On July 17, 2020, European Union High Representative/Vice-President Josep Borrell made a statement on US sanctions.
He said he was “deeply concerned at the growing use of sanctions, or the threat of sanctions, by the United States against European companies and interests.”
He said the EU has observed this developing trend in the cases of Iran, Cuba, the International Criminal Court and most recently the Nordstream 2 and Turkstream projects.
According to Mr. Borrell, “(a)s a matter of principle the European Union opposes the use of sanctions by third countries on European companies carrying out legitimate business. Moreover, it considers the extraterritorial application of sanctions to be contrary to international law.”
Borrell continued that Europe and not third countries should determine European policies.
Appropriately Borrell continued that, where countries share common foreign and security policy goals, great value is realized in the coordination of targeted sanctions with partners. The EU has experienced many positive examples of this. The EU will continue to coordinate where it can.
Perhaps, most importantly, Borrell underscored that “where policy differences exist, the European Union is always open to dialogue. But this cannot take place against the threat of sanctions.”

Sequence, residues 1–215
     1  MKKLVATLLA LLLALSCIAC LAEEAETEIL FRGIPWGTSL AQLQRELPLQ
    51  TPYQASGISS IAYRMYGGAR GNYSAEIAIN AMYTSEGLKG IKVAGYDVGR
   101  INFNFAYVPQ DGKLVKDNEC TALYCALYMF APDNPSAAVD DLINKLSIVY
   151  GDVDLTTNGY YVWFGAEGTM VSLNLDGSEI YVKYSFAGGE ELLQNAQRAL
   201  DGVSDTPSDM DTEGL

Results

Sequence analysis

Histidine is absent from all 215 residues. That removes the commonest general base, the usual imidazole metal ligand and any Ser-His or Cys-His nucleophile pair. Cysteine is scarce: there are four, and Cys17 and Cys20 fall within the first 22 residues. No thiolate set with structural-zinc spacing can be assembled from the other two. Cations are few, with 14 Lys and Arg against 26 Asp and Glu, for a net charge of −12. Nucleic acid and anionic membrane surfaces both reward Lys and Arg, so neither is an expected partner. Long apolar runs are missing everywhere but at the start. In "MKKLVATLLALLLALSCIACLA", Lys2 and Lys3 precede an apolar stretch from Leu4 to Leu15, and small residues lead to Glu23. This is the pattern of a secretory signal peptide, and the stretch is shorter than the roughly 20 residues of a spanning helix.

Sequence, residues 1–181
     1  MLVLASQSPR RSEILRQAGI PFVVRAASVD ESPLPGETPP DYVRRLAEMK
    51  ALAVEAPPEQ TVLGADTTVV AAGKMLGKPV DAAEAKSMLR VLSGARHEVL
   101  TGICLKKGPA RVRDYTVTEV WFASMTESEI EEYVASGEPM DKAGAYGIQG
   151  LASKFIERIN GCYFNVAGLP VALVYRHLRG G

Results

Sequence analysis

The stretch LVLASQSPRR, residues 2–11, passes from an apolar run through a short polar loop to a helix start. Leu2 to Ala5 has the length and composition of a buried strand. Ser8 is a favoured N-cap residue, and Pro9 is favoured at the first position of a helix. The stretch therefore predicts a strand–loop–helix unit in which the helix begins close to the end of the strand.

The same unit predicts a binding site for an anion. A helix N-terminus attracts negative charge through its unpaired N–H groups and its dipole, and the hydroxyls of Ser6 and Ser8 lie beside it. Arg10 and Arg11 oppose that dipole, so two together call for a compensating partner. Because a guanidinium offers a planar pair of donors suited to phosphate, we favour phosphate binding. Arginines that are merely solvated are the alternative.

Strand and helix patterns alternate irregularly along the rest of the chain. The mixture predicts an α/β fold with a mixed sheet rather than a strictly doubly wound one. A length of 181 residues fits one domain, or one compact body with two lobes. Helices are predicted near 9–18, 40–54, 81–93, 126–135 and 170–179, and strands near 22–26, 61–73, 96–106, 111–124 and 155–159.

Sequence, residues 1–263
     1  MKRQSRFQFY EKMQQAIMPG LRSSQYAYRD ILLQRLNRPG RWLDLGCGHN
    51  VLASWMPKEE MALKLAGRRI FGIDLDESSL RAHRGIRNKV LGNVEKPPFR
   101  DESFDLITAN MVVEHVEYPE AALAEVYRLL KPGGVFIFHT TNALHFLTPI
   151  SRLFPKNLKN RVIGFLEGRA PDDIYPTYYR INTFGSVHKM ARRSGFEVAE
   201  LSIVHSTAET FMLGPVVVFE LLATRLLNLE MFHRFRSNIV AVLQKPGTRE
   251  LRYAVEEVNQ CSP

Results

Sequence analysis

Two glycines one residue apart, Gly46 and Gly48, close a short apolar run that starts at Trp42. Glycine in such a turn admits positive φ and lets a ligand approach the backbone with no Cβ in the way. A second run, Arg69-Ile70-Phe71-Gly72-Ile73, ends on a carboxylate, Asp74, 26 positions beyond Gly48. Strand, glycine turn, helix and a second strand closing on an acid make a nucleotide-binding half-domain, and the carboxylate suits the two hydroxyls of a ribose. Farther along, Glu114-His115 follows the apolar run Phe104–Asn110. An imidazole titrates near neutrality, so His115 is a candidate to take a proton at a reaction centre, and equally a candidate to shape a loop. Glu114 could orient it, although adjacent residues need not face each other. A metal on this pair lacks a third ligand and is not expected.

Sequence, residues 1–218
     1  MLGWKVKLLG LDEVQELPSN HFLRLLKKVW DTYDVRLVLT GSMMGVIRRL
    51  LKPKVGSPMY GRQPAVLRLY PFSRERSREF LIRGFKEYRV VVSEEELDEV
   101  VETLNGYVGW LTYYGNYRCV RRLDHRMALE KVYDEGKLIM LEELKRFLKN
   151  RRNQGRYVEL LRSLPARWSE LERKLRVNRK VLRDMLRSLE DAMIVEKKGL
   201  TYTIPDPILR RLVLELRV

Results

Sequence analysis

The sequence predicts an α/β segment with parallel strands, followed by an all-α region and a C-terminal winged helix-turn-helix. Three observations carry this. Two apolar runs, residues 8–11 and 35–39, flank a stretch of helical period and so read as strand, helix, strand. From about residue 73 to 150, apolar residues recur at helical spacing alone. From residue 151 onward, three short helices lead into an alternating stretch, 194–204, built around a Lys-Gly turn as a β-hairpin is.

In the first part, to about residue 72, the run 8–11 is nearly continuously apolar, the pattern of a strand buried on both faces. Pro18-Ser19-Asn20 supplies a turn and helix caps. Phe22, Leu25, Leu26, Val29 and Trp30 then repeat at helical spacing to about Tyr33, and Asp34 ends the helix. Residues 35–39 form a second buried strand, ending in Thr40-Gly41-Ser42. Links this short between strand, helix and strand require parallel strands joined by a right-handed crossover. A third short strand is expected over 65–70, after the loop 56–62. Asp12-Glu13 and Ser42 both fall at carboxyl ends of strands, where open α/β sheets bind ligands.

The Borrell statement occurs against the background of friction over EU efforts to trade with Iran. On August 28, 2019, the EU announced that its INSTEX mechanism to facilitate trade with Iran was operational. The EU informed participants that INSTEX was available to all EU member states. The first transactions were being processed, said an EU statement. The establishment of INSTEX shows the EU is serious about alleviating the pain of sanctions on Iran in order to persuade Iran to remain in the 2015 Joint Comprehensive Plan of Action (JCPOA). However, until now, it has facilitated very few transactions.
The Borrell announcement also comes on the heels of an 18-page proposed economic and security partnership between China and Iran that would clearly violate U.S. unilateral sanctions against Iran.
The current issue of the International Enforcement Law Reporter will discuss these and other implications of the statement in more detail.